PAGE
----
- Many Christians advocated immediate emancipation due to “moral suasion,” which meant immediately ending participation in what was considered to be evil.
- The Abolition Movement led to more intense, emotional revivals in the Northeast.
- Over time, many leaders of the Second Great Awakening looked to eliminate slavery through legal means, because they felt slaveowners had to be forced to give up the practice.
- It also led to theatrics, such as Henry Ward Beecher’s “Reverse Slave Auctions,” violence in “Bleeding Kansas,” and insurrection at Harpers Ferry.
Legacy of the Second Great Awakening
The Great Revival led to the establishment of new Protestant denominations, including Seventh-Day Adventists and Latter Day Saints (Mormons). Some churches became divided over their beliefs. For example, the Methodist Church was split between Mainline Methodism and Holiness Methodism.
The Temperance Movement eventually led to the passage of the 18th Amendment and the Volstead Act.
The Education Reform Movement led to the establishment of the Public School System. This eventually led to the establishment of government-funded Native American Indian Boarding Schools.
Second Great Awakening APUSH Review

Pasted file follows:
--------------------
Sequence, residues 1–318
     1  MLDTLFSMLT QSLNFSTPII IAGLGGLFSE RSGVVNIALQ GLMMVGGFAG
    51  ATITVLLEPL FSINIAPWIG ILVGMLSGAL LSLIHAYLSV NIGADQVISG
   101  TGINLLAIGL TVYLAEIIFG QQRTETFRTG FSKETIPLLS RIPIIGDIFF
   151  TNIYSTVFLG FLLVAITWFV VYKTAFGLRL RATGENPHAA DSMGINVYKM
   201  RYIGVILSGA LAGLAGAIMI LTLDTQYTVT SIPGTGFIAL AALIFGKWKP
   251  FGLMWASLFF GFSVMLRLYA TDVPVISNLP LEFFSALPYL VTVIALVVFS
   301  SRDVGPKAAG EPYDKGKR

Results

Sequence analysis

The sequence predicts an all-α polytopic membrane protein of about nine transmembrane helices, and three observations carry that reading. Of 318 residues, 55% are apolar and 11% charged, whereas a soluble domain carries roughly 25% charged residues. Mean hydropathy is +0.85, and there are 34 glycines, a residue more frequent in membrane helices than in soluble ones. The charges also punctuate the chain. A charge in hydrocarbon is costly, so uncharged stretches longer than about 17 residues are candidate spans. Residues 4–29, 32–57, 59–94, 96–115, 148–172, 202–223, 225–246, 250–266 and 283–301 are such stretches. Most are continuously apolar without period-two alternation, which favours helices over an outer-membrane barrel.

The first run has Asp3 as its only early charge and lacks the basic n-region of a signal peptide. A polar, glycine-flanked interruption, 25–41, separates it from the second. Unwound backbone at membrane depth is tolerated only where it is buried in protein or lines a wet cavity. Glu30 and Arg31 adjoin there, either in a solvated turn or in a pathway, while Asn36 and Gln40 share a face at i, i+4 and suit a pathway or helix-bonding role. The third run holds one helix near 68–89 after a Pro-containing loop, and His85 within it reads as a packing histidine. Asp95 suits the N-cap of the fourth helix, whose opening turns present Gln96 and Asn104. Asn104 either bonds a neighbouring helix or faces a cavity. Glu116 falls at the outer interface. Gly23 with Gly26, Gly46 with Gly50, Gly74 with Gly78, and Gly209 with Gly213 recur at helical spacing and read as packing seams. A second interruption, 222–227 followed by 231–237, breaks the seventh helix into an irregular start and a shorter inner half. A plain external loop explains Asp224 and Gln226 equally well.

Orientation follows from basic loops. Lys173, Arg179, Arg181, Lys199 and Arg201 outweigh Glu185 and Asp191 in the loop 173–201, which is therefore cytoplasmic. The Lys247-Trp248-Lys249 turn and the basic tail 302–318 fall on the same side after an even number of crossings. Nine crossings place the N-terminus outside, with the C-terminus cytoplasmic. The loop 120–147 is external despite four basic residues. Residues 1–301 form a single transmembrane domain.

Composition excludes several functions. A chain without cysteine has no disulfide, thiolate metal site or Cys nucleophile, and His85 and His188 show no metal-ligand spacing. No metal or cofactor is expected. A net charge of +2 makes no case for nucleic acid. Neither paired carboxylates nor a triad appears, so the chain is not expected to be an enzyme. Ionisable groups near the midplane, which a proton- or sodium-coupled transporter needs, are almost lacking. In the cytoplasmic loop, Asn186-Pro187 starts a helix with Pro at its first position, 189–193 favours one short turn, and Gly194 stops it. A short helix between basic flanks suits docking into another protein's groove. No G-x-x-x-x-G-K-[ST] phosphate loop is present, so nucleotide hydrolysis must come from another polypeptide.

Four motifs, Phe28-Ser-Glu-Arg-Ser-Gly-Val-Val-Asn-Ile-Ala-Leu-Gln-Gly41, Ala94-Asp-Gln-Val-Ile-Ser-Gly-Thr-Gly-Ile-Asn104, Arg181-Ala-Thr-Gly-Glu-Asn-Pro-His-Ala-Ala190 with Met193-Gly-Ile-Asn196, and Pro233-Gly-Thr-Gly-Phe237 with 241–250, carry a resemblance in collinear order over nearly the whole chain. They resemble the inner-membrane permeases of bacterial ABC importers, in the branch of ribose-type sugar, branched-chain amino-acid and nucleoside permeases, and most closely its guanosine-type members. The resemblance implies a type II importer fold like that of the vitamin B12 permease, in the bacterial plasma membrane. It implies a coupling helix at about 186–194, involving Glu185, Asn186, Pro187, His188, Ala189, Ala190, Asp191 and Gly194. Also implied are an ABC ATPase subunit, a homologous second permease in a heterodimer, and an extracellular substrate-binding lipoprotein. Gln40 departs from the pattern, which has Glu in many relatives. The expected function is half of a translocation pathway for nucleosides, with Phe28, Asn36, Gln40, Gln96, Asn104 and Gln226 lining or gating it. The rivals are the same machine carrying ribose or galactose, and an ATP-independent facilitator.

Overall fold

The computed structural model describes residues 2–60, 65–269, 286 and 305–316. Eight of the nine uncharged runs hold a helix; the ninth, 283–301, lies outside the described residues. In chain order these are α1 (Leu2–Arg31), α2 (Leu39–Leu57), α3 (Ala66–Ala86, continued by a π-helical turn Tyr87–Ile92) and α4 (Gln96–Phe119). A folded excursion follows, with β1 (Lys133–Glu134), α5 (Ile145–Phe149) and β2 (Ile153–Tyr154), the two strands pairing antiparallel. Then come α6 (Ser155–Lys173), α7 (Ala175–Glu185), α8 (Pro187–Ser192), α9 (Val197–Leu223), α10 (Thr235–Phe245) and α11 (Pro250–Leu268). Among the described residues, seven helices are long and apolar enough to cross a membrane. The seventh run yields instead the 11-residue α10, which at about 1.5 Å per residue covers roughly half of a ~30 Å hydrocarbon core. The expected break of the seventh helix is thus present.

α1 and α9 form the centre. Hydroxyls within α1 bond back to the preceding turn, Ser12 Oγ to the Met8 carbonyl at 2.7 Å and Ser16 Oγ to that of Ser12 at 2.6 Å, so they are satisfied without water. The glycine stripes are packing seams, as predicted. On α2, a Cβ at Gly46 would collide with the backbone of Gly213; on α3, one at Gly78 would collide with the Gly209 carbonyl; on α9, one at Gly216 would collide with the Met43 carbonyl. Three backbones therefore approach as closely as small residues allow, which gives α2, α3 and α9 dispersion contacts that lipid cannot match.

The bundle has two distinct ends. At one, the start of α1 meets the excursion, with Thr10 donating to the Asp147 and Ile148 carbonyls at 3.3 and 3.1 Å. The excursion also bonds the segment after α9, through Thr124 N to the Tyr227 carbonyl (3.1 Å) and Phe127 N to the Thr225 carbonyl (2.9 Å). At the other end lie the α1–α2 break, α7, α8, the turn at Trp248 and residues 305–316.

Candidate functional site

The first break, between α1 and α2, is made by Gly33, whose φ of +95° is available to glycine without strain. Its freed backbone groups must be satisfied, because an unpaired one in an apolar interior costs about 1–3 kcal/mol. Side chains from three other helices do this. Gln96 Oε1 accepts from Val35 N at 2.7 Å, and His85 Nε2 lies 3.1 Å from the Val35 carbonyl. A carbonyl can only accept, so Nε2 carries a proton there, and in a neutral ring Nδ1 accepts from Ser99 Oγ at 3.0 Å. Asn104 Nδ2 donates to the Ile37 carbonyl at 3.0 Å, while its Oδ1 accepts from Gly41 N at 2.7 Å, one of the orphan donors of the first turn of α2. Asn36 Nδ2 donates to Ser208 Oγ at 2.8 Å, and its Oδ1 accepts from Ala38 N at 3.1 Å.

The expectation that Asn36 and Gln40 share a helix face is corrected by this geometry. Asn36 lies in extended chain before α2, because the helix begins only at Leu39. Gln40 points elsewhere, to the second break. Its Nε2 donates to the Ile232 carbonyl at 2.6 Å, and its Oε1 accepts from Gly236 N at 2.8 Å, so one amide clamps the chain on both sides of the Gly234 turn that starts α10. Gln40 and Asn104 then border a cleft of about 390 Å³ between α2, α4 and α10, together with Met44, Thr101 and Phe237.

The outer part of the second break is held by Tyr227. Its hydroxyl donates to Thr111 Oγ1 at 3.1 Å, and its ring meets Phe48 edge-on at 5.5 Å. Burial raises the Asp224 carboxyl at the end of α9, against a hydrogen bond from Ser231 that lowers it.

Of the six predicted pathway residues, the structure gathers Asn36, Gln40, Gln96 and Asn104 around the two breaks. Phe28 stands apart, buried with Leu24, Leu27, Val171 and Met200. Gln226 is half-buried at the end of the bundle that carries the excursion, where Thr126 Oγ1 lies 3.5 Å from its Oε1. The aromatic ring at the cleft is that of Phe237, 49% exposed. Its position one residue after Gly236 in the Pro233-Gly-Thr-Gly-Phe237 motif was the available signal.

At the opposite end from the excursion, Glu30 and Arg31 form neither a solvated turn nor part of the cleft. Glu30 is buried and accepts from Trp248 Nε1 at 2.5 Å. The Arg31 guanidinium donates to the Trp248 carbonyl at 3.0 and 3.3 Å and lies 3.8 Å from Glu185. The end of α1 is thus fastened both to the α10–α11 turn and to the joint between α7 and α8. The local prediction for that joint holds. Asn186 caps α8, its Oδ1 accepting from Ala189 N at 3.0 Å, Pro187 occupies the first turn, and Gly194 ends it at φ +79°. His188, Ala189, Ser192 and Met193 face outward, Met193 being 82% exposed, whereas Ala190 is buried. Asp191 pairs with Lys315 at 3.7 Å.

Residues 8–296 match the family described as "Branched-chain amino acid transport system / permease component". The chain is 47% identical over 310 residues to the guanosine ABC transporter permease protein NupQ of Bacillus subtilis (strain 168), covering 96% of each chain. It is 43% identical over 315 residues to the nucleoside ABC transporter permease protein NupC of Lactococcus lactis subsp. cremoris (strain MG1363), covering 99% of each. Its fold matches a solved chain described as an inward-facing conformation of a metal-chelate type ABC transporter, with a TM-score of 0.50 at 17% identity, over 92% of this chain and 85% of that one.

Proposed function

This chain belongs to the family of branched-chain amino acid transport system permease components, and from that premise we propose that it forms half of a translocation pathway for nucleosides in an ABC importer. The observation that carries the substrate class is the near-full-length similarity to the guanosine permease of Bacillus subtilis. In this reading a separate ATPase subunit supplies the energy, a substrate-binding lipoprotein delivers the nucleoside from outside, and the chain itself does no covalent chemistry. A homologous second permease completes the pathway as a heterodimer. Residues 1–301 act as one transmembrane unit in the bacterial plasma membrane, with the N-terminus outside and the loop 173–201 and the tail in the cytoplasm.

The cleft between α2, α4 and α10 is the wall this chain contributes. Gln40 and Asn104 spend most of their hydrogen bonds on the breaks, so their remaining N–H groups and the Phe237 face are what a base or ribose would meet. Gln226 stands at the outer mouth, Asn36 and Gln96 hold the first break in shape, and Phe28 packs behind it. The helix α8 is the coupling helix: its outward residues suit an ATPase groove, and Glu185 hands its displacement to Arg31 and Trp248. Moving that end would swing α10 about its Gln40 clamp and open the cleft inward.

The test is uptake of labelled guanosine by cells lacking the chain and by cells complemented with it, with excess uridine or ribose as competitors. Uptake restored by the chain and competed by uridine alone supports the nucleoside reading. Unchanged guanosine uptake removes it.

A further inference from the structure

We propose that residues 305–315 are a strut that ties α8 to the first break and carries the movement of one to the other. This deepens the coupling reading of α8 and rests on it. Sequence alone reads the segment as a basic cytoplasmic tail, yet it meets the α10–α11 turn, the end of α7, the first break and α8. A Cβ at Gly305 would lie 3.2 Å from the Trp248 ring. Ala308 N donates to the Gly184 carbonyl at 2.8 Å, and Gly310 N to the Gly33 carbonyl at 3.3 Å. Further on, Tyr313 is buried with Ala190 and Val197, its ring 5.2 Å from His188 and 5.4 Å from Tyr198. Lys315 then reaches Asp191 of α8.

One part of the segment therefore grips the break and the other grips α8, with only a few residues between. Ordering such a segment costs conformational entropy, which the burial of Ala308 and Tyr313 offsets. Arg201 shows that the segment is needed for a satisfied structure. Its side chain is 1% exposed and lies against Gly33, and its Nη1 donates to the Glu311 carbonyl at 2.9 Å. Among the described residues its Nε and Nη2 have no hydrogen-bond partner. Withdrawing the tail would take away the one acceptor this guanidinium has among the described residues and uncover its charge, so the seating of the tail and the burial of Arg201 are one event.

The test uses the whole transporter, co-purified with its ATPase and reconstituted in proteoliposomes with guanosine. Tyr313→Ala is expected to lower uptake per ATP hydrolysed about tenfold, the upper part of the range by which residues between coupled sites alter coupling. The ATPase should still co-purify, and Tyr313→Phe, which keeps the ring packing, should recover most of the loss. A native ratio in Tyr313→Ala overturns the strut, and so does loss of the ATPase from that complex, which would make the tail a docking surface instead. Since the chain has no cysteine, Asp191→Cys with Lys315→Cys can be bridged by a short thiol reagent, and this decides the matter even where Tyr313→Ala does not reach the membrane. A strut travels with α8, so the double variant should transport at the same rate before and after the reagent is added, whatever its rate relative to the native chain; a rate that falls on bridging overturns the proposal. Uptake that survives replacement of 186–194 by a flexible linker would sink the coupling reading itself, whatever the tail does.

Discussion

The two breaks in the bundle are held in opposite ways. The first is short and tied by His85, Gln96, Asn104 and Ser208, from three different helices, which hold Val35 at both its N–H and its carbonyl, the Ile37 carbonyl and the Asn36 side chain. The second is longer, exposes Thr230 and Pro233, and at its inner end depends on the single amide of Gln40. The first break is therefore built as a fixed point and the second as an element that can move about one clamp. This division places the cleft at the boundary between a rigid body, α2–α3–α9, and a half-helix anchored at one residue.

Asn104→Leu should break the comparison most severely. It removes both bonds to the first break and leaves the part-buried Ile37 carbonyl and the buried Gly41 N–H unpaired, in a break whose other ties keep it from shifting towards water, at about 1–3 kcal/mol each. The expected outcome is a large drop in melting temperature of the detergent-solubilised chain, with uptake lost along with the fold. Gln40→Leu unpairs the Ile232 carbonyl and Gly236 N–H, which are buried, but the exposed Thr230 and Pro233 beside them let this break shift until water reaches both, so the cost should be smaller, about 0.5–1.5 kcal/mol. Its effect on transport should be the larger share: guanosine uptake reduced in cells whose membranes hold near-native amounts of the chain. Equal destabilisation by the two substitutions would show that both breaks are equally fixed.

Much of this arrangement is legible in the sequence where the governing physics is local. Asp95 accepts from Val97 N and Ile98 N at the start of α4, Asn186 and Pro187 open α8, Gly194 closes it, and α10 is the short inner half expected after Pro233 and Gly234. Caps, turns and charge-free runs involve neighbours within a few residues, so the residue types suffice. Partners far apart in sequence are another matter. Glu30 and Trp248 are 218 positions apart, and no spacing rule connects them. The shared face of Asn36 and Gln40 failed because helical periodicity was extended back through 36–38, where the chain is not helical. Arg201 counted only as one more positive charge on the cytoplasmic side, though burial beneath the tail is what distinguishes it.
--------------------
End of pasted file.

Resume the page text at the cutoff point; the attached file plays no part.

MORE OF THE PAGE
The Second Great Awakening is part of APUSH Unit 4 (1800–1848). Use the following links and videos to study the Second Great Awakening, the Abolition Movement, and the Jacksonian Era for the AP US History Exam. Also, be sure to look at our Guide to the AP US History Exam.
Second Great Awakening APUSH Definition
The definition of the Second Great Awakening for APUSH is a widespread religious revival movement that swept across the United States, primarily in the first half of the 19th century. It created a significant shift in American religious and social life by emphasizing a personal relationship with God, church attendance, and avoidance of sinful practices. Preachers like Charles Finney used Camp Meetings to attract large crowds, leading to the conversion of many people. The Second Great Awakening had significant consequences, including the rise of new religious denominations and social reform movements.
Second Great Awakening APUSH Significance
The Second Great Awakening is significant to APUSH because of the impact made on social movements in the United States, including religion, abolition, temperance, education, and civil rights. It can be argued all social movements in the United States since 1800 can trace their roots to the Second Great Awakening.